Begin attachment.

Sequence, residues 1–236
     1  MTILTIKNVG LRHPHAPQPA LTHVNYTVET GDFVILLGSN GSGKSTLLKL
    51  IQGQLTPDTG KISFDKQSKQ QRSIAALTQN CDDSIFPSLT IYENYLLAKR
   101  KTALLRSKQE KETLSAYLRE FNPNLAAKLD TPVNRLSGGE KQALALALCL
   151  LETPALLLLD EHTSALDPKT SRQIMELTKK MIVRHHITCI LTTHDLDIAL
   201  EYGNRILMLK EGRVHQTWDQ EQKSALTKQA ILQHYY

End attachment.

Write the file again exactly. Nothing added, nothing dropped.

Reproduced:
Sequence, residues 1–236
     1  MTILTIKNVG LRHPHAPQPA LTHVNYTVET GDFVILLGSN GSGKSTLLKL
    51  IQGQLTPDTG KISFDKQSKQ QRSIAALTQN CDDSIFPSLT IYENYLLAKR
   101  KTALLRSKQE KETLSAYLRE FNPNLAAKLD TPVNRLSGGE KQALALALCL
   151  LETPALLLLD EHTSALDPKT SRQIMELTKK MIVRHHITCI LTTHDLDIAL
   201  EYGNRILMLK EGRVHQTWDQ EQKSALTKQA ILQHYY